When he talks, he talks, he talks and I can’t get a word in edgewise…
It is sometimes a very embarrassing situation for learners to have worked hard beforehand to be able to participate in a conversation and to find themselves in an exchange where a native French speaker monopolizes the floor without leaving any room for the interlocutor who is making the effort to speak in French. It is even worse when our learners understand 90% of the information that is transmitted and there is no particular problem with vocabulary or contextualization.
This generates frustration and also doubt about one’s ability to intervene, to speak and to interact with native French speakers. Indeed, it is rare to have at one’s disposal a “talking stick” that allows one to regulate speaking and active listening times…
A vague sense of shame sometimes overwhelms the speaker who has not been able to engage in the conversation: “I didn’t meet his expectations… I should have spoken up more… Why did I stay silent… I wanted to speak…” A sense of failure can have a lasting impact on future conversations, yet it’s not very fair.
What must be kept in mind is that in an exchange, the responsibility for the quality of the information transmitted lies with both speakers. If one of the two is obviously very voluble, it is necessary to RELATIZE and not to take for oneself an incapacity to speak.
En prenant un peu de hauteur, ce qui est essentiel, c’est l’objectif de cette conversation :
What information did I need to hear and what information did I need to convey?
To find a place in this exchange, it is necessary to provoke breathing times thanks to a tool: the art of reformulation.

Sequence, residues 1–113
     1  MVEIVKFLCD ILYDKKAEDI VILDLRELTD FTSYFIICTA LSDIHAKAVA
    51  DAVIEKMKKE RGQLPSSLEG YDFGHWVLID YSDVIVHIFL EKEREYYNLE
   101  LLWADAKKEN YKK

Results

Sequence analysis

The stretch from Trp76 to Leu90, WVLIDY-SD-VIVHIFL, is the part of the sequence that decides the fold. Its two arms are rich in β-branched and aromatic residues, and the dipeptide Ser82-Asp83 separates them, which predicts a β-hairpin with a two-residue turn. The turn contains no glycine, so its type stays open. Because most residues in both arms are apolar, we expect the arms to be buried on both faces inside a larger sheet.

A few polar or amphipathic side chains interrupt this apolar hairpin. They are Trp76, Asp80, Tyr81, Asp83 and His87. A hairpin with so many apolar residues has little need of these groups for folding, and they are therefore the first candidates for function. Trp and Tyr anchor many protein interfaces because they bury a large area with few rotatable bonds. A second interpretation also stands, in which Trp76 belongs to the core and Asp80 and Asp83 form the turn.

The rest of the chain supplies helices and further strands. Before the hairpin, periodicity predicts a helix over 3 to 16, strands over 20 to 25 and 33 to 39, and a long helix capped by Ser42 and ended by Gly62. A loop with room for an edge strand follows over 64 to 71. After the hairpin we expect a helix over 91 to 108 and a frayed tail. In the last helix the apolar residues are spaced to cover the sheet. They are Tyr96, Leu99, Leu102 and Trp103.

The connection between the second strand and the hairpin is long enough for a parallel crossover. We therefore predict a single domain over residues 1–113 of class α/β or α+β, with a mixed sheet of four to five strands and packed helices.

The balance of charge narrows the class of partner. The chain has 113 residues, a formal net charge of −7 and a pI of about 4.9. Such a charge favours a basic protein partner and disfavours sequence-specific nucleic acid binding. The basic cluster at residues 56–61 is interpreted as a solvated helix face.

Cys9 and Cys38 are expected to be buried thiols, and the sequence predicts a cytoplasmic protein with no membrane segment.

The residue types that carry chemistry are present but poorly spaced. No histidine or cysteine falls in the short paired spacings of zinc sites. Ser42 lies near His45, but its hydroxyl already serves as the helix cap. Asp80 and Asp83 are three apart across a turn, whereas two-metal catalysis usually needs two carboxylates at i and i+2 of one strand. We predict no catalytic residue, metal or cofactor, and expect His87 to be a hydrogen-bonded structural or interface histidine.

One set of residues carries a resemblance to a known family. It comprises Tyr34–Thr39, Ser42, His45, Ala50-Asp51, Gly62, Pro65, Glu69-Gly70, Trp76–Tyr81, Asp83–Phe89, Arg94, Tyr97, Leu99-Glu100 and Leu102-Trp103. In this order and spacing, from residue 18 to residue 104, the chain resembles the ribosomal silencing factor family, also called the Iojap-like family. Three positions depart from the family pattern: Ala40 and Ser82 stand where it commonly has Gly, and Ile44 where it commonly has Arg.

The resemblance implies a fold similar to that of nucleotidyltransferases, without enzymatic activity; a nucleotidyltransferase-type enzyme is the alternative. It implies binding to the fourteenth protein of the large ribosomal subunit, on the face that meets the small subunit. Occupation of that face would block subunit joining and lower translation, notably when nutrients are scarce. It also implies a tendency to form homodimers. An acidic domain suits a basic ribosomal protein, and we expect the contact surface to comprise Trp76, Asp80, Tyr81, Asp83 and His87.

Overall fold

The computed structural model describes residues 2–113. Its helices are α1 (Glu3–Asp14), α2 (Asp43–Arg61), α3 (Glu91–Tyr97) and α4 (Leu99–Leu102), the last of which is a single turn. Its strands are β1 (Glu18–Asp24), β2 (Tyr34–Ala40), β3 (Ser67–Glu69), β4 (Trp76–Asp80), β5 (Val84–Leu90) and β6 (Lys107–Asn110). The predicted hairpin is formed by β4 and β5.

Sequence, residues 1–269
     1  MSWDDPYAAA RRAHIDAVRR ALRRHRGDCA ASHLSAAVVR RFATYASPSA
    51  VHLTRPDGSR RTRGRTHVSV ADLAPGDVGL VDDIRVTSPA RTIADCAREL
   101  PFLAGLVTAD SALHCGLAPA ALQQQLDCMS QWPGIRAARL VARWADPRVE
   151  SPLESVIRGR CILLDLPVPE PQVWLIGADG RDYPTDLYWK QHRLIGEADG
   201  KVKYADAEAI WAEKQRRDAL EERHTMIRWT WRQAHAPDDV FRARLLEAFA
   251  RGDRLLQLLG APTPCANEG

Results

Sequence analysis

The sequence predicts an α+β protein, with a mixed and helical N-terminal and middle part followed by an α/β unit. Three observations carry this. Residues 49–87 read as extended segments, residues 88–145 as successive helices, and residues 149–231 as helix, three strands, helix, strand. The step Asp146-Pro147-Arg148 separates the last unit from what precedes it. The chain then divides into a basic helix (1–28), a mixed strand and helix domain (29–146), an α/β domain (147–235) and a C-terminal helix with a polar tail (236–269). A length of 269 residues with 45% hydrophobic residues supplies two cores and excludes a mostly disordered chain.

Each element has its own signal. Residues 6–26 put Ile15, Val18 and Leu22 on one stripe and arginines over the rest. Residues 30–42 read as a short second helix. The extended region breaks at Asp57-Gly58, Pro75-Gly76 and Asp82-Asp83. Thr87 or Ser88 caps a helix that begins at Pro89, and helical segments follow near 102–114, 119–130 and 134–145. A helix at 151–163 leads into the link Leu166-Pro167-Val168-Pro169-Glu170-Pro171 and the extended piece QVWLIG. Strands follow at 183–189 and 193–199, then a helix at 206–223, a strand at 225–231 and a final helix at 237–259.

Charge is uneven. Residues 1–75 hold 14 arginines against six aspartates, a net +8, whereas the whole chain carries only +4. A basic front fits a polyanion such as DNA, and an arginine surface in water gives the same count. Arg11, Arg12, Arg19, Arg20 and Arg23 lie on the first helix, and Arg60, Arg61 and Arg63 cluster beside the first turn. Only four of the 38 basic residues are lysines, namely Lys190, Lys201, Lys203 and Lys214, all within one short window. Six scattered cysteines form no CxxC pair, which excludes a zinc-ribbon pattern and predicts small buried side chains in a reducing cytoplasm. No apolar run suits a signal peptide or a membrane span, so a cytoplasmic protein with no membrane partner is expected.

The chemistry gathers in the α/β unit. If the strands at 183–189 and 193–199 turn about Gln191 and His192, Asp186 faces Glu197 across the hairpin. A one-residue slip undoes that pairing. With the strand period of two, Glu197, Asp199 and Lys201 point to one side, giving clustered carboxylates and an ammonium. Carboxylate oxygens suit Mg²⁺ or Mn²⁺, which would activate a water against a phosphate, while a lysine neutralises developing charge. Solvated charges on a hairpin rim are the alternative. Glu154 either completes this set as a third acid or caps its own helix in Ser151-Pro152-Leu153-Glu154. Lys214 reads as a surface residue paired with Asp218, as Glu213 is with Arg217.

Here are some standard phrases that may be useful in such cases:
Peut-on faire une pause pour reformuler ce que nous nous sommes dit s’il vous plait? : Can we take a break to rephrase what we said to each other please?
Est-ce qu’on peut faire un bilan de notre conversation ? : Can we take stock of our conversation?
Est-ce que j’ai oublié quelque chose d’important? : Did I forget something important?
Si, j’ai bien compris, ce que nous nous sommes dit…: If I understood correctly, what we said to each other…
Si je vous comprends bien, vous avez essayé de me dire que… : If I understand you correctly, you tried to tell me that…
Vous me dites que… : You’re telling me that…
In conclusion, in his world-famous practical psychology book, How to Make Friends, Dale Carnegie gives 28 tips, and the 9th one is: “Encourage others to talk about themselves.
It says, “To get a discussion started, you can ask simple questions. Find common ground and focus on the topic you both seem to know so well! You may lose your tongue. But don’t panic, because this gives you a golden opportunity to focus on what matters: THEM! It’s always good to let others talk about themselves, both to get to know them better and for the simple fact that people like to talk about themselves.”
So, if our learners couldn’t place one in the discussion and it turned into a monologue, they may have made one more friend, a French one at that! With the hope of fruitful exchanges… for the next discussion, of course!